Barriers to find the best solution in problems
What are problem solving blocks?
A block is anything which prevents us finding an effective solution to a problem. We all experience them, but of different types and intensities. The blocks have been grouped in various ways by different authors according to their cause, eg perceptual
It's important that you are able to recognise when blocks are hindering your problem solving so that you can take action to overcome them. What causes these blocks?
The labels applied to these blocks give some clues to their origins. Perceptual blocks arise from the way we have learnt to recognise information from the world around us. We develop habits of 'seeing' the world, which sometimes can get in the way of finding the best solution to a problem, eg seeing only the most obvious solution.
Emotional blocks arise when our emotional needs conflict with the situation, eg when we do not propose a radical. solution to a problem because we feel it might sound ridiculous and make us look foolish. Intellectual blocks are caused by us not being able to assimilate information in the ways required to solve a problem, eg not knowing how to evaluate ideas to select the most effective solution. Expressive blocks arise when we are unable to communicate in the way required to produce an effective solution, eg not being able to express our ideas effectively to those who have to implement the solution. . Environmental blocks are caused by. external obstacles in the social or physical environment, which prevent us from solving a problem effectively, eg distractions from the task. Cultural blocks result from our conditioning to accept what is expected or 'normal' in a given situation, eg when the work ethic says that we must be serious-minded, but finding an effective solution requires some playful fantasy. All of the blocks, except those caused by the physical environment, arise through learning or lack of it, either our own or that of people who influence us.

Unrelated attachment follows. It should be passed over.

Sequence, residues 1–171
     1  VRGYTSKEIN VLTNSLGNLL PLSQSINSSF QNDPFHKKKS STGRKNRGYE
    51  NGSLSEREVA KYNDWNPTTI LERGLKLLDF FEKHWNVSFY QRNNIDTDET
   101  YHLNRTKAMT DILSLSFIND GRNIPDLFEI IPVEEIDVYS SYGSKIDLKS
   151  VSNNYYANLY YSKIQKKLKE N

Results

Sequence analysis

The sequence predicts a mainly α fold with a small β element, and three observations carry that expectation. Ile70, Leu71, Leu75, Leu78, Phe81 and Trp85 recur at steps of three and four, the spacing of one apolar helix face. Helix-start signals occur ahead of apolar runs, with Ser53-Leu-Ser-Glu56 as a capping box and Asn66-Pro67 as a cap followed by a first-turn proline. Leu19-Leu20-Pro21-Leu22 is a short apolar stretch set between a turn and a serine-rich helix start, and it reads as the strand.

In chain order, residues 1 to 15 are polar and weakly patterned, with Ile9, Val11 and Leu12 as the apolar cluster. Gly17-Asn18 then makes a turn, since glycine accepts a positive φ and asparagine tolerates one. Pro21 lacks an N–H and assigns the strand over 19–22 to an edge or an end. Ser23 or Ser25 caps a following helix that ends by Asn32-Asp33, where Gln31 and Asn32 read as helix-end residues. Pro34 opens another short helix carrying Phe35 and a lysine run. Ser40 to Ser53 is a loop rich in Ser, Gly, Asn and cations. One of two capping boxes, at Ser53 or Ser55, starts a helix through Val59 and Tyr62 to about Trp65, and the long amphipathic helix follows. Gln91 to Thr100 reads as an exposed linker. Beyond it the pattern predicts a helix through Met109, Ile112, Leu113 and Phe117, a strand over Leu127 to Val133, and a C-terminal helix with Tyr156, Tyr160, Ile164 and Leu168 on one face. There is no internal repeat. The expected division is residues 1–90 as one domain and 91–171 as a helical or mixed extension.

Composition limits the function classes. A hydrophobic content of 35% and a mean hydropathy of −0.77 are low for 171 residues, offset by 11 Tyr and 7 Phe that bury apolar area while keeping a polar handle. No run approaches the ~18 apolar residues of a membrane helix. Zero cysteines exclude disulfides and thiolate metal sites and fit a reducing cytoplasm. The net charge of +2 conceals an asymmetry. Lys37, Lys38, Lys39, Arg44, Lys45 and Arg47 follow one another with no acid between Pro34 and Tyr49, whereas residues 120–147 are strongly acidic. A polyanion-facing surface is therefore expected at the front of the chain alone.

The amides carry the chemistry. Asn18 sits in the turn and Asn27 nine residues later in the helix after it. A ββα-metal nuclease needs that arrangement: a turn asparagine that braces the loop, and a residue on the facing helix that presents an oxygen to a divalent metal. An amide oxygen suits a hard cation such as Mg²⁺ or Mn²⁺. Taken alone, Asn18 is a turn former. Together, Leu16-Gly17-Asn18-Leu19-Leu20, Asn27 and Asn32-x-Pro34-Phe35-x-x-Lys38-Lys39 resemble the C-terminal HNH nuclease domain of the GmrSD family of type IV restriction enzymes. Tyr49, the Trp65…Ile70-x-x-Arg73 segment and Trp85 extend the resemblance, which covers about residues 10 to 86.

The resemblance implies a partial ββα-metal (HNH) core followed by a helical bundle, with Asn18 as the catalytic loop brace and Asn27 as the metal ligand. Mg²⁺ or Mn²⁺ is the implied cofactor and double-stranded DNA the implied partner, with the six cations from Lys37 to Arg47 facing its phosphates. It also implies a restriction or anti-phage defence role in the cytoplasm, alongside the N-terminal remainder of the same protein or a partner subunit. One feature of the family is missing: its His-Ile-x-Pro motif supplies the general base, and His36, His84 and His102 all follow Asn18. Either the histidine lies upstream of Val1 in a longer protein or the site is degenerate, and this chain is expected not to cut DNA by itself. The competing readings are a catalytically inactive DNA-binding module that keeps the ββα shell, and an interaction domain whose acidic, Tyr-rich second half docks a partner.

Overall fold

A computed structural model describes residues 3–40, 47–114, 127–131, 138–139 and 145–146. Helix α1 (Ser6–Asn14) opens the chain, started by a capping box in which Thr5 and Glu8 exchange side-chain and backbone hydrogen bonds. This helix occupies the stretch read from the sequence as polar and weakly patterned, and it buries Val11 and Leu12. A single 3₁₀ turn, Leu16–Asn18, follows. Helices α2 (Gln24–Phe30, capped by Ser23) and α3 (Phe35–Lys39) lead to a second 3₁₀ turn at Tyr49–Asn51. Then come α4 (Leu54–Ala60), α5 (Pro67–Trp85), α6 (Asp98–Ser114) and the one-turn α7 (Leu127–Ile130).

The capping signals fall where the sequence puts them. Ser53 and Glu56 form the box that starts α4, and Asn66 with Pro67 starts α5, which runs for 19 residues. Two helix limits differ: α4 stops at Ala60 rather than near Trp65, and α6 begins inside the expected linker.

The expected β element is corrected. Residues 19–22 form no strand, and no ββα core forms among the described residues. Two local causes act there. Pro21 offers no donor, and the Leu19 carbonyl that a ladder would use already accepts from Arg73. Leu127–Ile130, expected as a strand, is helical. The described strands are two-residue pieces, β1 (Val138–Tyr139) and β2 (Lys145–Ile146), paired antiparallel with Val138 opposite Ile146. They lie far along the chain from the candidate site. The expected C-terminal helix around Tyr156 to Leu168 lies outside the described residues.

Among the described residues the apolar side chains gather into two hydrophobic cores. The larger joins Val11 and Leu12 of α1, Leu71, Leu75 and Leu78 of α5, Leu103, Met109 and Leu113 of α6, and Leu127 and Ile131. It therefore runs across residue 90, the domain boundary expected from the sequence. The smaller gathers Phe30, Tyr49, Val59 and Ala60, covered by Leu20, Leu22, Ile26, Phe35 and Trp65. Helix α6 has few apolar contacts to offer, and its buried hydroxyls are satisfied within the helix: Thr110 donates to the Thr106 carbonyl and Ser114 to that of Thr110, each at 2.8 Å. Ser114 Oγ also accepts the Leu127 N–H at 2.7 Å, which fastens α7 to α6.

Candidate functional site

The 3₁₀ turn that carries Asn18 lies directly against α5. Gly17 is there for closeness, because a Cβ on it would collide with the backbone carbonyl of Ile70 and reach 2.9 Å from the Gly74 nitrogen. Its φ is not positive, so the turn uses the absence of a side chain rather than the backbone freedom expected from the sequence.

We can overcome most of our own blocks permanently by re-learning, and overcome other people's blocks which hinder us by learning ways to sidestep them. The following is an explanation of some of the main blocks that exist under each category heading. A. Perceptual blocks
Perceptual blocks exist when we are unable to clearly perceive a problem or the information needed to solve it effectively .They include: Seeing only what you expect to see
To recognise situations we look for patterns of key features which we have learnt by experience represent a particular situation~ If the key features 'fit' we assume the situations are the same. This often obscures the "true nature of a problem, either because we exclude relevant information (because it isn't a key feature or didn't occur in the past), or include information simply because we assume it is there. Stereotyping
In recognising situations we automatically apply labels (like door, machine, laziness) which can prevent us seeing all the features of. the situation. Often we don't look beyond the obvious. For example, if someone isn't working as hard as we would like and we apply the label 'lazy' to that person, we might overlook the possibility that boredom with monotonous work is the problem, and not laziness. Not recognising problems
A surprising number of problems go unnoticed or are recognised only when the effects have become severe and emergency action is required. Not seeing the problem in perspective
This is related to some of the previous blocks, and results from: taking too narrow a view of the situation, so that we recognise only part of the problem or the information required to solve it failing to recognise how different parts of the problem are related seeing only superficial aspects of the problem, so that the solution is inadequate failing to see the problem from the point of view of other people who...
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